Wednesday, October 06, 2010

 

Pele's Dilemma: The Future of Geothemal in Hawai`i


By Henry Curtis


The Hawai`i State Legislature created the pro-geothermal Hawai`i Geothermal Working Group in 2010 to review the geothermal expansion on Hawai`i Island. The Geothermal Working Group has invited Mililani Trask to its fourth meeting to discuss why geothermal is so successful in New Zealand. The meeting will be held at the Hawai`i County Building, Puna Conference Room #1501, from 1-4 pm on Monday October 11, 2010.


Mililani Trask told me: “I am concerned because some of these uses, like solar, have a huge footprint and provide intermittent energy. Geothermal has a small footprint and produces firm power.”


James "Mitch" Ewan, Hawaii Natural Energy Institute Program Manager, largely concurs: “Geothermal is the most effective, efficient, and fairly inexpensive to produce. Photovoltaic is the most expensive to develop; wind is the least expensive. If energy is used to produce hydrogen, the outlook is especially promising."


Tiffany Edwards Hunt: "I’m thinking geothermal too. Just need to find the balance between safety and innovation. I think the unrest in Puna is mostly due to anxiety that the geothermal can sometimes sound like a jet plane. PGV needs to be very proactive in assuring geothermal’s safety… and its emergency plans."

Davianna Pōmaikaʻʻi McGregor: "The interplay of many dynamic primal natural elements in Puna make it one of the most sacred areas in all of Hawai`i. ...Pelehonuamea practitioners believe that the waters of the Puna district are sacred to Kane and that the steam generated by the heart of Pelehonuamea is sacred to her."


Lack of Environmental Review


During the 1970s-1990s, Hawai`i had spent $17 million over 15 years laying the groundwork for geothermal to generate half of the State’s electricity needs and to transmit it to Maui and Oahu via an undersea cable. No state or federal Environmental Impact Statement (EIS) was ever completed on the inter-island cable. In June 1991 Federal Judge David Ezra ruled that all federal agencies were prohibited from assisting the State in developing geothermal until a federal Environmental Impact Statement (EIS) was completed. The project died.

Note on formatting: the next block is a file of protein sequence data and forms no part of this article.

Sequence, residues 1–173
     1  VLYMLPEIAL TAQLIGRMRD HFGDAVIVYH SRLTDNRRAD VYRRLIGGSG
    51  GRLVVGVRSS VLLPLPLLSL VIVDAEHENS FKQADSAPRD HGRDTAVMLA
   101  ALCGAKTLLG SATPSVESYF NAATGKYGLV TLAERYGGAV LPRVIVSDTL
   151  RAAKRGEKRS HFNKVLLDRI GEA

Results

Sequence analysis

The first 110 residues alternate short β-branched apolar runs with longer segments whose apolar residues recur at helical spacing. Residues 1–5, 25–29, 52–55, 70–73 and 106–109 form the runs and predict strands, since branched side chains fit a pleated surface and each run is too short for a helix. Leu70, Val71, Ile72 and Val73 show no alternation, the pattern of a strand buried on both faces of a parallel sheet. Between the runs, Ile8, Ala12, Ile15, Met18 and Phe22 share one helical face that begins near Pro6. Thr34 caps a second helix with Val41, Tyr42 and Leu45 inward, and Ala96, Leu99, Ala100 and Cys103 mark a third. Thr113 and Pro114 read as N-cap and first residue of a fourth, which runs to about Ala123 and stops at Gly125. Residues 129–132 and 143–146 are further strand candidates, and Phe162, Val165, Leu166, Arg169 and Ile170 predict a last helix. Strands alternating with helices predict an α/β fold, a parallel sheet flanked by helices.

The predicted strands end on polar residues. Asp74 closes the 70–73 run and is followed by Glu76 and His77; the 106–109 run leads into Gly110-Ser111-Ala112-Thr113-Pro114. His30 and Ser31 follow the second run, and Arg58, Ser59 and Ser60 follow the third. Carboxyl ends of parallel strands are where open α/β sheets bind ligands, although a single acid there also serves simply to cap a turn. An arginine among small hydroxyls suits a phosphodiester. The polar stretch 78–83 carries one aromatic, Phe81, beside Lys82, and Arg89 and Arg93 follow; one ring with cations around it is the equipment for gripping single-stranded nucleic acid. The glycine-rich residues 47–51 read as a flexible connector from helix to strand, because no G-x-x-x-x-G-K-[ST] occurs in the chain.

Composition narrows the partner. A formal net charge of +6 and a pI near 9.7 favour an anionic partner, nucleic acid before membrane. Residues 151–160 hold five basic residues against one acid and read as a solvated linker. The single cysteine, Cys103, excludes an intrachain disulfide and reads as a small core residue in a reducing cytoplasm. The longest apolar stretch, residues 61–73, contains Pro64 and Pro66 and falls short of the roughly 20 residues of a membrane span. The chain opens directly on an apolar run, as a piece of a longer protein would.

The Hawai`i fight over geothermal was one of the two longest and most intense energy fights in Hawai`i. The other being the Kamoku-Pukele (Wa`ahila Ridge) 138kV Transmission Line fight on O`ahu (1971-2001). While Kamoku-Pukele pitted everyone against the utility, geothermal had and has divided the community.


Some people trace geothermal in Hawai`i to King David Kalakaua, who met with Thomas Edison in 1881 and discussed the possibility of harnessing geothermal to power the State. While Iolani Palace has electricity before the White House, there were no geothermal-to-electricity plants operating anywhere in the world in the 1800s, nor had the concept been proven to work.


The State Legislature


During the 2010 State Legislative Session, Senator Russell Kokubun introduced Senate Concurrent Resolution (SCR) 99 “requesting the establishment of a working group to analyze the potential development of geothermal energy as the primary energy source to meet the baseload demand for electricity on the Big Island.” The resolution passes both houses of the legislature with only Republican Senators opposing it.”

The Working Group is to file two Reports to the Legislature: an Interim Report (January 2011) and a Final Report (January 2012).


SCR 99: “WHEREAS, geothermal energy is a more reliable source of energy than solar or wind energy, because when the wind does not blow and the sun does not shine, the heat from the volcano continues to produce a steady flow of power; and ...


WHEREAS, the United States Environmental Protection Agency asserts that greenhouse gases threaten public health and science overwhelmingly shows greenhouse gas concentrations are at unprecedented levels due to human activity; and


WHEREAS, there is irrefutable evidence that global warming is real and occurring at an alarming rate, with rising sea levels and stronger and more frequent storms; and ...


WHEREAS, previous geothermal development has raised sensitive issues regarding the impacts on native Hawaiian cultural and spiritual practices; and


WHEREAS, Hawaii needs a sustainable energy market that strikes a balance between economic, community, and environmental priorities; and ...


WHEREAS, as a proven source of reliable firm capacity, geothermal energy has great potential to be the primary source of energy to meet the Big Island's baseload demand, generating the amount of power required to meet minimum electricity demands based on reasonable expectations of customer requirements; now, therefore ...